Five Finger Death Punch - AfterLife review
|Band:||Five Finger Death Punch|
|Release date:||August 2022|
01. Welcome To The Circus
03. Times Like These
04. Roll Dem Bones
05. Pick Up Behind You
06. Judgment Day
08. Thanks For Asking
09. Blood And Tar
10. All I Know
11. Gold Gutter
12. The End
Back from the dead.
Perhaps thanks to my guilty pleasure of loving cheesy music or Stockholm syndrome from associating with people who are unabashed Five Finger Death Punch fans, I've grown to somewhat tolerate the band's cheesy brand of radio metal in small doses. With F8 coming surprisingly close to being a good album, I dared to have a level of expectation for the follow-up. Well, AfterLife is here and it's time to see if it was a one-off or a sustained push by the band.
Now, hold off on the straitjacket for a moment people, I've not taken leave of my senses; I'm just taking a holiday from them temporarily. AfterLife is one of those records that if you put it on in the background, you will find yourself tapping your feet and nodding your head rather than banging your head against a wall, as has been the case with the band's prior work.
Five Finger Death Punch are a band who have developed a reputation of being formulaic to a fault, being as predictable as the latest installment of The Fast And The Furious. Afterlife is perhaps the breath of fresh air the band have needed to avoid becoming stale and stagnant. The group throw convention to the wind for the better on "Times Like These" and "Thanks For Asking", both of which will almost certainly surprise you. To a lesser extent, "All I Know" and "Judgement Day" will provoke a similar double take when they come on.
To add to this apparent turning over of a new leaf, Bathory switches things up to an extent also. The heavier stomp of "Gold Gutter" shows he is at least pulling tighter on his bow, if not adding a new arrow to it. While he still produces the same stock chug-athons on tracks like "Roll Dem Bones", he doesn't keep returning to the same trick like a casual player in Tekken, spamming the same move over and over until the opponent gives up from sheer monotony.
Strangely enough, for all the band's switching up of convention, it is the title track that is perhaps the most addictive songs on the album. While it follows the same formula that has gotten stale, it has a quality about it that will get stuck in your head after it has finished.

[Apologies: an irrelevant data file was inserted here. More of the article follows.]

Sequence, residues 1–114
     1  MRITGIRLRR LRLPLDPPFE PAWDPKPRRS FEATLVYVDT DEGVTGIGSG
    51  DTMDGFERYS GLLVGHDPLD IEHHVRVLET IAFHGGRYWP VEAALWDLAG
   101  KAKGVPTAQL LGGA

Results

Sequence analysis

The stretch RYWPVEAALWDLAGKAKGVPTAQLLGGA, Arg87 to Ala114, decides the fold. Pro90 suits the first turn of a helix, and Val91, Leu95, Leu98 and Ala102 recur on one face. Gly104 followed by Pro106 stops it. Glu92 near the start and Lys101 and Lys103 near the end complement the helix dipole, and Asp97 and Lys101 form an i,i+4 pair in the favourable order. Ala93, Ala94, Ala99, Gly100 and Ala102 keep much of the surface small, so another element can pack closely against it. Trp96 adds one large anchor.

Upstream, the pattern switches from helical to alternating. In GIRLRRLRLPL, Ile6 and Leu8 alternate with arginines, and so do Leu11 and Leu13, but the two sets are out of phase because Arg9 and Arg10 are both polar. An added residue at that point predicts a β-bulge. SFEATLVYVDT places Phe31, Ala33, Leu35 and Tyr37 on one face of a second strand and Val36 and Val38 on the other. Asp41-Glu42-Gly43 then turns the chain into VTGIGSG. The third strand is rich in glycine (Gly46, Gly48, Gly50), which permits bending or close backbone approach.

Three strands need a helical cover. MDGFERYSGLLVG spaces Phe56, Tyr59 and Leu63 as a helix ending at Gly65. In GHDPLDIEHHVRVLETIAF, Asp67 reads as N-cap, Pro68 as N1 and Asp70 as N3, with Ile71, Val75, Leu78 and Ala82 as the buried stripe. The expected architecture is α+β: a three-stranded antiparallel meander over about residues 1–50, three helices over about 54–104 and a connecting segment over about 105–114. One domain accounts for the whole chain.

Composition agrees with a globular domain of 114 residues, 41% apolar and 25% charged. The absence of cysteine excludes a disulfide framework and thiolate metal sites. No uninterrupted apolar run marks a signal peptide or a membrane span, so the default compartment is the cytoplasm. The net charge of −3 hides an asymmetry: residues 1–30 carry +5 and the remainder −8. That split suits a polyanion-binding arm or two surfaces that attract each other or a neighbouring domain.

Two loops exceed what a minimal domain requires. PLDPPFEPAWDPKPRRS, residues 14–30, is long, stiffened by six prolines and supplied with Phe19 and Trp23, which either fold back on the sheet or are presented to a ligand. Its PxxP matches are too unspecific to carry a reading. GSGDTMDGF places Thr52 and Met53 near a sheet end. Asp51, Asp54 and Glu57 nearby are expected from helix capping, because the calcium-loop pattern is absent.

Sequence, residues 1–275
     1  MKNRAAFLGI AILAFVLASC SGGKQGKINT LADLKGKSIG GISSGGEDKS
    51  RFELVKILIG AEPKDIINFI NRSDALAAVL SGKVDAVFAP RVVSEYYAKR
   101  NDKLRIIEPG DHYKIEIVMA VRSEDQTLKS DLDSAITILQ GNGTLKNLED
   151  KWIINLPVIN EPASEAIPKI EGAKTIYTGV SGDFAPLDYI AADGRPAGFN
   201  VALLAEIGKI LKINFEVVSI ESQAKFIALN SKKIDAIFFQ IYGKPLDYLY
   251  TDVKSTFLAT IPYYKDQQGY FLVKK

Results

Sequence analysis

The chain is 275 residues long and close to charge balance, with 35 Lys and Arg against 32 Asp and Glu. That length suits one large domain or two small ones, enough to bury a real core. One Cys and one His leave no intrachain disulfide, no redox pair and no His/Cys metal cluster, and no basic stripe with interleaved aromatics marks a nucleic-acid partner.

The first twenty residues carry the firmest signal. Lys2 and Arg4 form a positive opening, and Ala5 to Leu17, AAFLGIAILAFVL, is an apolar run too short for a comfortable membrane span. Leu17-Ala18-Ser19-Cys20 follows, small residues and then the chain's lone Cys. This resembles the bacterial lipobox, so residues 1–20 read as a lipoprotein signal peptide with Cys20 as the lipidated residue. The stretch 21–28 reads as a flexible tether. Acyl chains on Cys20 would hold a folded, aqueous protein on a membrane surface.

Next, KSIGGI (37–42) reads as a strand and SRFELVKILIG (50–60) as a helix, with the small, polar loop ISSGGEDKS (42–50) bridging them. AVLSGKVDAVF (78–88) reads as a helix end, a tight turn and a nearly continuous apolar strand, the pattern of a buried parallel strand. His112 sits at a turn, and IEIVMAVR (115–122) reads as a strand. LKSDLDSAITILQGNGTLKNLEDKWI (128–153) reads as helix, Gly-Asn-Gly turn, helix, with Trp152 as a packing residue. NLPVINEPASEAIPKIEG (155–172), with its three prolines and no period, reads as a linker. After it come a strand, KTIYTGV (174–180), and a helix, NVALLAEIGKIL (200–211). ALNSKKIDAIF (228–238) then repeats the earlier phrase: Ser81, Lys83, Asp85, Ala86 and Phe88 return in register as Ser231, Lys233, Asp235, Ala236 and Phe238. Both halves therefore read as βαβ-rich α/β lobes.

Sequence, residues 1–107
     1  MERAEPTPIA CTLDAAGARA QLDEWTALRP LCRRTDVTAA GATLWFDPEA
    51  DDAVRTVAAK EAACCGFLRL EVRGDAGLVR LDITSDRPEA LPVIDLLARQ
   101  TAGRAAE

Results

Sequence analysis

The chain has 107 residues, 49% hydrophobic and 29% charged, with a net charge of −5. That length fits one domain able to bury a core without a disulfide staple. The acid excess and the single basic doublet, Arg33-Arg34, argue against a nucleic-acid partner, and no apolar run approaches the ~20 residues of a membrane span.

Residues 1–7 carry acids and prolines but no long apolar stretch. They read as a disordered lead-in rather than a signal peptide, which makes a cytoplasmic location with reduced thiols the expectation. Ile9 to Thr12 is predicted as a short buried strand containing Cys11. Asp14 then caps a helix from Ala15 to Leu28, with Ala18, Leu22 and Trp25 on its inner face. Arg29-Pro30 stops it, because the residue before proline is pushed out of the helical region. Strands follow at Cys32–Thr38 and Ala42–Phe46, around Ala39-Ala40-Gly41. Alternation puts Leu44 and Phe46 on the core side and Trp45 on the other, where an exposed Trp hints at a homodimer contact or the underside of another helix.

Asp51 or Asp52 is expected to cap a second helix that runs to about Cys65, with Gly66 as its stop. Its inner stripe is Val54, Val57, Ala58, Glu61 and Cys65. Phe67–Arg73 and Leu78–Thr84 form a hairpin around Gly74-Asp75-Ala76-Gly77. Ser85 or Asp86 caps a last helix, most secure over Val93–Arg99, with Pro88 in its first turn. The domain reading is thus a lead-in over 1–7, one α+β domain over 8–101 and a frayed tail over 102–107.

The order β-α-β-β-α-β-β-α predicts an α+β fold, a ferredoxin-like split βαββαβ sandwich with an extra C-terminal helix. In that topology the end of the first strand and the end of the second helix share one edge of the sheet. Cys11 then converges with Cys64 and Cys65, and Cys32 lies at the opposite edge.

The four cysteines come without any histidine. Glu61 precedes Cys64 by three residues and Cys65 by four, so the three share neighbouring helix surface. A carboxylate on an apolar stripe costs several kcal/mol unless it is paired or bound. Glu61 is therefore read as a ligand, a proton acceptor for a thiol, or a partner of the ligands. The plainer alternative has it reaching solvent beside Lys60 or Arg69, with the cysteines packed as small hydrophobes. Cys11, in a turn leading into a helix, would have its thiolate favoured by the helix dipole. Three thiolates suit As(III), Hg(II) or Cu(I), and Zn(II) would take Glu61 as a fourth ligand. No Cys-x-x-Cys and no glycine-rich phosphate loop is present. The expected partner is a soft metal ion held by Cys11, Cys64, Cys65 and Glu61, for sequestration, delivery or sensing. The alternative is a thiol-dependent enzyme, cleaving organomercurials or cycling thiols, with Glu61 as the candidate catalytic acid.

The more things change, the more they stay the same; with all the change of scenery around him, Moody continues to rage against a world of energy drink-induced imaginary foes. AfterLife is the latest in the ongoing saga of Moody against the world, one to which you are forced to endure if you want to listen to the new album (no surprises what "Welcome To The Circus" is about). It wouldn't be a Five Finger Death Punch album without some cringe factor, and out of all the habits the band have tried to break, this unfortunately isn't one of them. I was not even able to make it past the album opener "Welcome To The Circus" without facepalming, with the line "diggy diggy dasket time to burn the casket"... I'll just let that sink in with you for a moment.
As you can imagine from lines like that, the album does have its share of things wrong with it. The lack of variation in production hinders the impact of elements within the album. The aforementioned stomp in "Gold Gutter" isn't as impactful as it could be, had it been given a crunchier tone. This somewhat middle-of-the-road sterile sound is perfect for the radio, but not ideal if you want to really drive home a powerful riff.
Is this likely to be a contender for album of the year? Of course not, but is it likely to be a contender for worst album of the year? More than likely not. It's a small step in the right direction and one that sees the band continue to make improvements, though it's a long road to redemption, and Five Finger Death Punch are taking the scenic route.
||Written on 24.08.2022 by Just because I don't care doesn't mean I'm not listening.|
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